When Forbes tapped San Diego as the No. 1 place for startups, the debate over the city’s business climate inevitably drifted toward the same subject that always seems to come up in conversations about San Diego: the actual climate.
Yes, some entrepreneurs said in the comments, San Diego is a great place to launch a business – just look at the weather!
Others warned that San Diego is too expensive – despite all that great weather.
Lisa Gordon doesn’t have any special powers over the weather. But she does have control over a lot of other things that can make San Diego a sunny place for a new business.
She’s the city’s so-called small business ambassador, a role in which she spearheads all things related to promoting programs, services and regulation requirements for startups.
Basically, she helps anyone seeking to open a new business connect the dots between city requirements and their own vision.
With a communications degree from UCSD and more than 10 years working for the city, she’s watched her “whole life” become centered around “promoting and outreach.”
Gordon began her career as a community relations representative for the San Diego County Water Authority, and then became director of community outreach for former Mayor Jerry Sanders. After that, she climbed to where she is now.
Her position was originally created during Sanders’ tenure, but new Mayor Kevin Faulconer is just as supportive of the small business community, she said.
In a Q-and-A, Gordon and I talked about which sectors are growing, and what she thinks the city could be doing to improve San Diego’s business climate.
What do you see as a booming industry for small businesses here in San Diego?
I think people will be surprised to know how many home-based businesses there are. So you know, last time I checked there were almost, I think it was 36,000 — almost 37,000 — home-based businesses. I don’t think people know that and how many there are.
So a lot of home-based businesses are starting, but also as an industry, I think high-tech is still booming and doing very well … I don’t know if it’s going to max out at some point, but it’s really a unique niche in our community. And then IT-related businesses, software companies, consultants …
When you hear people saying that San Diego is not a high-tech business city, what do you say to them? Why should they come and start their business here?
I think they need to check San Diego out.
I think we have a very thriving high-tech community and, I mean, even if you look at, for example, a startup circle at Plug and Play. They do that startup camp and they have all those high-tech, really high-level startups and those are some exciting new technologies and products. I’ve actually watched them pitch the products and, so they are a San Diego-based business and they actually do go up on a month-long training to Silicon Valley, but then they come back with some investments. So I think that there’s definitely a great and thriving high-tech community in San Diego. Don’t pass us up.
You know, we have the resources, we have the intellectual capacity, we have the talent. I think it’s just more about awareness of our capability in that whole arena.
How would you say this role is different from the city’s economic development department?
Well, OK, the Office of Small Business is housed underneath the umbrella of the Economic Development (Division) and then the Economic Development Division is underneath the full umbrella of the Planning, Neighborhoods and Economic Development Department. So our department director is Bill Fulton …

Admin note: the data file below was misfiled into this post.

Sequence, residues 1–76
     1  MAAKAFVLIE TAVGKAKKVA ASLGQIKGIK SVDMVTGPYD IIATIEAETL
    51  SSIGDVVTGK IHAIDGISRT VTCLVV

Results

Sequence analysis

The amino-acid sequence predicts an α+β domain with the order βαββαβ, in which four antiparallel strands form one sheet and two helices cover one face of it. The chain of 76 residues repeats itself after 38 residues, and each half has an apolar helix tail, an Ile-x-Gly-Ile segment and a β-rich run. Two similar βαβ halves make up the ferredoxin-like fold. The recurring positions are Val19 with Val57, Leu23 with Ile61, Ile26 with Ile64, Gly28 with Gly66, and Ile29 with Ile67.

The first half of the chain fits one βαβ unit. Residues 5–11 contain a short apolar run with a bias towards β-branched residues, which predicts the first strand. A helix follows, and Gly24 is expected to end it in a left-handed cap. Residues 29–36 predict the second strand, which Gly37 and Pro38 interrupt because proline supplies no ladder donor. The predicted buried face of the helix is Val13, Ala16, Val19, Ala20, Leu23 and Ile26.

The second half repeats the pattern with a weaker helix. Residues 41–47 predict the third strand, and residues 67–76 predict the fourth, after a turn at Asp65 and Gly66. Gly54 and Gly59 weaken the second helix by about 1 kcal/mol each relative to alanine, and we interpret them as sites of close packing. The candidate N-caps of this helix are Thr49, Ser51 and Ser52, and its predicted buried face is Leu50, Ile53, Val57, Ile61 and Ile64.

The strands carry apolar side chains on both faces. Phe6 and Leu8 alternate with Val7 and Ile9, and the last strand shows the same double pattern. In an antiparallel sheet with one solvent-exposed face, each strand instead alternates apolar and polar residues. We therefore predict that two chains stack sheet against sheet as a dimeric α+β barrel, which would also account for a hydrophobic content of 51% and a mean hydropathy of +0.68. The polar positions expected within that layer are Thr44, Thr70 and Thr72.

So we’re specifically doing like our storefront improvement program — administration with the business improvement district and its associations, the maintenance assistance with districts. We have some other grants and contracts that we manage, but all of it is related to the small business community.
And how is your job different from what the Civic Innovation Lab is trying to do?
Right now we’re excited and waiting to see what they’re going to do … But our mission is pretty much focused on serving the small business community, and they’re going to be more involved with neighborhood planning, a more comprehensive planning function.
So, could you explain your job in a nutshell?
Every single day I get phone calls, emails, a lot of people walk in and want to start a business and they need assistance. And so I’m happy to offer that. You know, I go through certain steps with them. There are certain permits that they need and other rules, regulations or municipal codes that they need to understand as it relates to their particular type of business. Also, I’m a referral arm. I’m kind of the information clearing house, and then I refer them to whatever program or entity might be able to help serve them.
What are the main challenges your position faces?
The main challenge is making people more aware of the small business ambassador role, (the) variety of programs and services the city offers to startups and small businesses, great network of resources available to assist small businesses, and the progress we have made in making the city more business-friendly.
Even though our Forbes rank was high, there’s always room for improvement. What do you think can be done to improve the small business community?
I’m just going to say that we’re trying to make people aware that we are business-friendly, that the city is business-friendly. We hear complaints about the state and the taxes, but in the city, we’ve improved significantly.
We are trying to be more business-friendly. We are trying to provide the best services and programs that we can, so I just think more awareness of our programs and services and a better understanding of how the city functions to support small businesses. Support, networks and better awareness, and saying, “We are open for business.”